These Snickerdoodles have tons of cinnamon flavor, with a thin and chewy center, and slightly crisp golden edges. Also, there’s no chilling or cream of tartar required!
The best snickerdoodle cookie is all about sweet cinnamon flavor delivered via the perfect cookie texture, if you ask me.
You can have 10 different cookie recipes using the exact same ingredients, but the textures can vary wildly depending on the ratios of ingredients, whether they’re chilled or not before baking, and tons of other factors.
This recipe is exactly how I’ve come to prefer snickerdoodles.
They’re slightly different from the usual snickerdoodle, and because they’re made without cream of tartar, they’re a bit more thin and chewy in the middle, with a crisp edge, instead of puffed and cakey throughout.
Snickerdoodles are popular enough that I’d consider them a year-round cookie, but I particularly love them for Christmas baking (along with Chocolate Crinkle Cookies, Lavender Shortbread, and Candy Cane Cookies).
Because cinnamon is arguably the star player of a snickerdoodle cookie, it’s essential to use a really good cinnamon. They vary SO much in quality.
This cinnamon is my favorite I’ve ever used. A friend told me it was cinnamon at another level, so I tried it and fell in love.
How to Make Snickerdoodles:
For the dry ingredients, whisk together flour, baking powder, cinnamon and salt:
In a separate bowl, cream together butter, sugar, and brown sugar, then add vanilla extract and an egg:
Mix until combined:
Add the dry ingredients:
Mix until the dough comes together. It will look dry and crumbly, like this:
Use a cookie scoop to portion out the cookie dough (this is the cookie scoop I use, “large” size or 3 Tablespoons):
Coat each cookie ball in cinnamon sugar, then flatten on a sheet pan with a glass:
Bake for about 10 minutes until the cookies are golden on the edges:
And I admit that I’m one of those people who would rather cram 9 cookies on a sheet pan and risk them running together slightly, than separate them onto two trays. I know, I know. Separate the cookies onto two trays if you want to avoid that risk.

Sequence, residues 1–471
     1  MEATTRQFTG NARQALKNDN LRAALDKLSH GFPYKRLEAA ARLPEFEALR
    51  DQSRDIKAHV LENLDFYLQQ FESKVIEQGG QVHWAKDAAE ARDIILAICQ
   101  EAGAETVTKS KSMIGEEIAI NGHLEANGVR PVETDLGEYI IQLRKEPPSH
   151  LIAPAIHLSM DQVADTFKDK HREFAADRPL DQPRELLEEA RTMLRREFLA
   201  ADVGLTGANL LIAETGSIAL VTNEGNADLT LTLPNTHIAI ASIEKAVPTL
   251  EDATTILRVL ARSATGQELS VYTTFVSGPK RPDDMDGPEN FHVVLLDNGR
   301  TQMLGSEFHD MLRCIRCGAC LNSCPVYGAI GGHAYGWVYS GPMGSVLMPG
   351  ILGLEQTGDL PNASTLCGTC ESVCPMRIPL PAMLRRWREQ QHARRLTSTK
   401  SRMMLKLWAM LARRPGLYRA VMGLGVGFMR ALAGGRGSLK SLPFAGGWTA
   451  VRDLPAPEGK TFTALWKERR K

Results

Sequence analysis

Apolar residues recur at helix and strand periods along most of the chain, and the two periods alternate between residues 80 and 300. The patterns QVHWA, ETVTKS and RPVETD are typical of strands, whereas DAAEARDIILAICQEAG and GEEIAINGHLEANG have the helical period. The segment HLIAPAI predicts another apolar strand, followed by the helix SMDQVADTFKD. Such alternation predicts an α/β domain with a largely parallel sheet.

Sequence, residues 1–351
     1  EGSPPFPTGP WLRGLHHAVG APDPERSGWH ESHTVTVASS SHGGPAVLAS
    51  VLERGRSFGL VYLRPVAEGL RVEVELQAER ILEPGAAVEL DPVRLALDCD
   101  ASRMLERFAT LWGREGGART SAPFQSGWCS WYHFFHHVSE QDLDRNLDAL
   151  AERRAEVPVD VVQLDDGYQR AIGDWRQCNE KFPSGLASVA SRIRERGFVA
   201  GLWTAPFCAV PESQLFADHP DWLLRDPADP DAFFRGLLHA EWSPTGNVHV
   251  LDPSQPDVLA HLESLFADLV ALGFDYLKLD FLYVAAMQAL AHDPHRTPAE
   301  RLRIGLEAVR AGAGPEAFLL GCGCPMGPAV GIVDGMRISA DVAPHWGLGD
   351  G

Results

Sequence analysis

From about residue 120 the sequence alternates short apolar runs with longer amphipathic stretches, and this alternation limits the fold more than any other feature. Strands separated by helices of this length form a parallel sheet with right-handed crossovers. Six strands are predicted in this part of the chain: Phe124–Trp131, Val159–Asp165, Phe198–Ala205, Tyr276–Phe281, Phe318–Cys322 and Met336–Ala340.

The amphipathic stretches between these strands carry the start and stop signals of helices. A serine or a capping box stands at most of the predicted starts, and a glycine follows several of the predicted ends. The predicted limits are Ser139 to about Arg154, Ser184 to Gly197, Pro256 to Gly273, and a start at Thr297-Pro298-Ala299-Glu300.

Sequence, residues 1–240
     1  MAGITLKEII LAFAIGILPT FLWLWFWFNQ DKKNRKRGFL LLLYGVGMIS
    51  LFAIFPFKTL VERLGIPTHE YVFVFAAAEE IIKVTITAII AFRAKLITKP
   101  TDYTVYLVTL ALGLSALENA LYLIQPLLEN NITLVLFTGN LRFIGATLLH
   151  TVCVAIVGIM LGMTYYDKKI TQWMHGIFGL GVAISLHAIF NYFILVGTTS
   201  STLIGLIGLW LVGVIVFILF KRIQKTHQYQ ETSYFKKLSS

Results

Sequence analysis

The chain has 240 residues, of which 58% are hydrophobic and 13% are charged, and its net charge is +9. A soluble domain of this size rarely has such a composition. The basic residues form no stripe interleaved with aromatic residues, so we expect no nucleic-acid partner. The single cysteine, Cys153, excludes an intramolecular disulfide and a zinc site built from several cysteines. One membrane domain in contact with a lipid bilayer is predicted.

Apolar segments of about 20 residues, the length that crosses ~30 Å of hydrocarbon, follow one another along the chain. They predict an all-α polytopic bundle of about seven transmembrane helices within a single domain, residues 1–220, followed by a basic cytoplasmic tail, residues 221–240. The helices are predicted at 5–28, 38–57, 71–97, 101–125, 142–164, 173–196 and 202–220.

The full recipe is below, plus a step-by-step video if you’d like more guidance. Enjoy!
Can you freeze snickerdoodles? Absolutely! You can freeze them fully baked, or you can freeze the dough. If freezing the dough, I recommend pre-flattening it, so you can bake straight from frozen.
How long will snickerdoodles stay fresh? These will keep for up to 3 days at room temperature, in an airtight container. Or in the freezer for up to 2 months.
My Favorite Snickerdoodles
These snickerdoodles are my favorite! Thin and chewy in the middle, with a slightly crisp and golden edge. No chilling or cream of tartar required.
For the cookies
- 1.5 cups all-purpose flour
- 1/2 teaspoon baking powder
- 1 teaspoon cinnamon
- 1/4 teaspoon salt
- 1/2 cup unsalted butter, at room temperature (1 stick)
- 1/2 cup granulated sugar
- 1/2 cup packed brown sugar
- 1 large egg
- 2 teaspoons vanilla extract
For the coating
- 1/4 cup sugar
- 2 teaspoons cinnamon
- Preheat oven to 375 degrees F. Line a sheet tray with parchment paper or a silicone mat.
- In a medium bowl, whisk to combine the flour, baking powder, salt, and cinnamon. Set aside.
- Place the butter and both sugars in a bowl and cream together with an electric mixer until light and fluffy. Add the egg and vanilla extract, and mix until combined, about another minute. Add the dry ingredients and mix until the dough comes together. It will look thick and crumbly.
- For the coating, in a small bowl, whisk to combine the sugar and cinnamon. Scoop the cookie dough with a large 3 Tablespoon cookie scoop and drop into the cinnamon sugar mixture. Roll around well to coat, then place on the baking sheet. When the dough is all scooped out, use a glass to flatten each ball into a disk about 1/4″ thick. Bake for 10-12 minutes until golden and crisp on the edges. Let the cookies cool on the pan for a few minutes to set their shape, then they’re ready to enjoy!
Did you make this recipe?
I'd love to know how it went!
Post updated in October 2018. Originally published December 2015. This post contains an affiliate link.